Guest PostOpinion

What Should the Vikings Do at WR3?

A Late Night/Early Morning Rant

With the news that trusty and vastly underrated and overlooked Vikings wide receiver Jarius Wright was moving on to the Carolina Panthers after six seasons in purple and gold, the question of just who is going to be catching passes for the Minnesota Vikings and their new $84 million dollar man has suddenly rocketed up the list of off-season questions and also my list of reasons for this soul-crushing anxiety. That question has now surpassed questions like what sort of offense new offensive coordinator John DeFilippo will run, what nickname we should give DeFilippo as COACH FLIP IS TAKEN PEOPLE and most importantly, what the results of Victor the Vikings MRI were (Spoiler Alert: Early reports are that he’ll never be able to terrify a child again). If you’ve followed’s sister site, (or at least my pieces, or listened to me on WCCO Radio last Sunday) at all you’ll know that my main jam is the wide receiver position as a child of the Randy Moss/Cris Carter and to a lesser extent Jake Reed era(s) and so I thought I’d stop by to chat a bit about the current state of the Vikings receiver corps(e) and to mostly remind everyone that I wrote an article titled “Forget Treadwell, the Receiver I want the Vikings to Draft is…” while also refusing to admit which receiver that actually was (Hint: It rhymes with FloJo and he comes from the land of chocolate). All jokes aside, I was very heavily pro Michael Thomas (and I did want Boehringer, with a late round or UFA pick) back then, and considering that the Vikes could’ve snagged Thomas with a second-round pick, could’ve meant even better things than I originally predicted.

On Kirk Cousins:

Now, despite what the Cousins nay-sayers are saying (and naying), Kirk Cousins can actually propel the football through the air with his arm. Beyond that, he’s also one of the better quarterbacks in the league in terms of doing that in the direction of a multitude of receivers. According to Courtney Cronin of ESPN:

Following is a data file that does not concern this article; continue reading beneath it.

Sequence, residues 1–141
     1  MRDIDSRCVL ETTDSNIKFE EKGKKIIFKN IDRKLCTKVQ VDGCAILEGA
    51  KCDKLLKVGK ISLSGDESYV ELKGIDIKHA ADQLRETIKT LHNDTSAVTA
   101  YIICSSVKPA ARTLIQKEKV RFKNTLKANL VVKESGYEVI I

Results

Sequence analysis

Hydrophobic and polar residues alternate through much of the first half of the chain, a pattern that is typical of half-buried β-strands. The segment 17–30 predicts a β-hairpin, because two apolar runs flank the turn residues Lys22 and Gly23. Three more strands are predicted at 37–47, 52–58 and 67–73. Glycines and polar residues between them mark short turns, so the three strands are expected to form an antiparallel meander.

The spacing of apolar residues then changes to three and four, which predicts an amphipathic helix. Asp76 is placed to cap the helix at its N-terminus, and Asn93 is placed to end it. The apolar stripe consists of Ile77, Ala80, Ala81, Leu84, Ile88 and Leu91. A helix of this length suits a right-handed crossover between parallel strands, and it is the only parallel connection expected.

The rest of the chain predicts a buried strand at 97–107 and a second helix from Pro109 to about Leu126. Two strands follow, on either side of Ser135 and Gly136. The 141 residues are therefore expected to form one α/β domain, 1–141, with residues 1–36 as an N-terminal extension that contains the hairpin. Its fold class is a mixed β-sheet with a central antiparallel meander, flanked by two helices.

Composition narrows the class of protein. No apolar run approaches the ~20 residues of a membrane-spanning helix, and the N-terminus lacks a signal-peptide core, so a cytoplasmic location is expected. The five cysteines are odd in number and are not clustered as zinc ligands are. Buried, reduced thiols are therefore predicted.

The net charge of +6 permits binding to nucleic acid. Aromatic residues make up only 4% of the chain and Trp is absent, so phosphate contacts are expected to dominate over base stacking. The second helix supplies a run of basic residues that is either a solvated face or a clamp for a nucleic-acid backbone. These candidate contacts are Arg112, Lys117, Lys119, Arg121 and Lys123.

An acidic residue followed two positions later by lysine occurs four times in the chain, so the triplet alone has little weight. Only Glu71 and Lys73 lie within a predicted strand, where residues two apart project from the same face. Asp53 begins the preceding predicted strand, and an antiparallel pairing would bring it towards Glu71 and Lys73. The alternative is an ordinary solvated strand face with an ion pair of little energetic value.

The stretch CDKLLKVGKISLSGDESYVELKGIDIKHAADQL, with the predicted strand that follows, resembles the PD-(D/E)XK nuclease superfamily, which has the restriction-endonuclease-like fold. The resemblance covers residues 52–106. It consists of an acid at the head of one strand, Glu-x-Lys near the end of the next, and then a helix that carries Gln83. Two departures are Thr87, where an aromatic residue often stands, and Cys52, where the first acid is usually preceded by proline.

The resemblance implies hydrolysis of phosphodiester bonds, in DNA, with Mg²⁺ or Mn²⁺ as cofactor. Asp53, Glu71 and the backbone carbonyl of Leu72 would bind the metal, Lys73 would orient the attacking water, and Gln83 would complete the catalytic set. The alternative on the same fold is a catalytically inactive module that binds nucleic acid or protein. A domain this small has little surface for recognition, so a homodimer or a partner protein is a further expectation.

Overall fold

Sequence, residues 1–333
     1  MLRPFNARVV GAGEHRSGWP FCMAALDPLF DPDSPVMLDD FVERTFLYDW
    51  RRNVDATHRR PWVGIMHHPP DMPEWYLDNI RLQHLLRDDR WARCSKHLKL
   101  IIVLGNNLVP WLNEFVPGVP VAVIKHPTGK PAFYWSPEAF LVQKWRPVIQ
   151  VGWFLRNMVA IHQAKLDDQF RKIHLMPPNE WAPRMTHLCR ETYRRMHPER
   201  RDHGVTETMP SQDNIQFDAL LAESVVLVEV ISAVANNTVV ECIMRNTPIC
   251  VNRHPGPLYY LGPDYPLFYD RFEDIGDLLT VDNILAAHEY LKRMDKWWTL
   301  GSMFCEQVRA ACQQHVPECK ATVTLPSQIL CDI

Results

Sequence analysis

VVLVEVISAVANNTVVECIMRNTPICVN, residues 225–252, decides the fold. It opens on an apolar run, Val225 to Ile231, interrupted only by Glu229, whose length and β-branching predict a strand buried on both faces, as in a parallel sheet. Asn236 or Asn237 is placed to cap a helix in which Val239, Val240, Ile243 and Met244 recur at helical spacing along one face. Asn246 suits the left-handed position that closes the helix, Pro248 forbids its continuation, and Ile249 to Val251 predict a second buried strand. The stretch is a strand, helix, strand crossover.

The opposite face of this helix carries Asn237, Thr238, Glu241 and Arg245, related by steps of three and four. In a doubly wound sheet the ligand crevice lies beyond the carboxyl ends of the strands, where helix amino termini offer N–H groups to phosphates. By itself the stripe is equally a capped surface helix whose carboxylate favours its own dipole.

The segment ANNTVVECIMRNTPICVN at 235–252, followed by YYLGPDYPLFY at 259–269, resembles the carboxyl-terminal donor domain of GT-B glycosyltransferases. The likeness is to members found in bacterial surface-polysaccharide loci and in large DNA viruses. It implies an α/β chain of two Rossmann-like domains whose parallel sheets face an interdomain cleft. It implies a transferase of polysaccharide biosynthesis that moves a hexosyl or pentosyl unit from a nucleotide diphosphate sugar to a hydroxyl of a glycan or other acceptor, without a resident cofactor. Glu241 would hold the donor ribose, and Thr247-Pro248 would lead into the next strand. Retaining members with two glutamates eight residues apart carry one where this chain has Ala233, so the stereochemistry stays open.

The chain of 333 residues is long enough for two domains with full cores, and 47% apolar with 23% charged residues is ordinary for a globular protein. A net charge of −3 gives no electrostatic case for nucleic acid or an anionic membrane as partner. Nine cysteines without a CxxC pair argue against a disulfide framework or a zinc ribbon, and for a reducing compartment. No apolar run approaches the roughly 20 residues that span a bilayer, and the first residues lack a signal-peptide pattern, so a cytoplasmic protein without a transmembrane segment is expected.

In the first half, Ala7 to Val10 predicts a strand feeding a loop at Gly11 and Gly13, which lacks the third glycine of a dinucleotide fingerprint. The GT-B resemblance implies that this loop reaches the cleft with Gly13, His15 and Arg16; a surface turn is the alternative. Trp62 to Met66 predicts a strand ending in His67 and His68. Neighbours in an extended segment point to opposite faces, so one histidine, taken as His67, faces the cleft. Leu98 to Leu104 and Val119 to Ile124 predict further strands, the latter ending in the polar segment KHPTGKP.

Cousins is one of four quarterbacks to throw to at least five touchdowns to eight different receivers since 2015

Add DeFilippo’s typical offense to the mix, one in which (also according to Cronin/ESPN):

The top three-pass catching threats in Philadelphia had similar outputs, in tight end Zach Ertz (72 catches, 824 yards, 8 TDs), wide receiver Alshon Jeffery (57 catches, 789 yards, 9 TDs) and wide receiver Nelson Agholor (62 catches, 768 yards, 8 TDs).

On Laquon Treadwell:

That means that someone has to step up at the wide receiver position (beyond the obvious), or the Vikings need to acquire or draft that someone (or perhaps look at some of the guys they drafted that are no longer on the team or at least it’s 55-man roster from last season). The idea of Kirk Cousins throwing the ball to Michael Floyd still makes me interested (as his suspension last season seemed to really ruin his chances of getting into any sort of rhythm with this offense), and considering he was outplaying damn near everyone in training camp, you’d think that if he had a full off-season and pre-season to gel with Cousins, Thielen and Diggs, that that trio would give the rest of the NFL all sorts of fits (just like this sentence is giving our editor Joe Oberle or managing editor Sean Borman the same). However, at this point, it’s not looking like Floyd’ll be back which means that the Vikings will be looking at 2016 first-round pick Laquon Treadwell to hopefully emerge as their third receiver after two underwhelming seasons. Now, like I mentioned, I was always against the Treadwell pick as I felt like he was basically a one-trick pony whose one-trick wouldn’t work in the NFL (and who didn’t have the other intangibles that’d help him evolve and become a complete reciever (in terms of not only his speed (he’s really slow), but also in terms of his strength (based on his weight lifting results at the combine) and his vertical jump (also from the combine, which was surprising as his “one trick” was that he was really good at coming down with jump/contested balls)) and another ) for good measure.

Just take a look at his workout results from the combine (with the numbers representing what percentage was worse than him at that particular drill, in his position, that draft):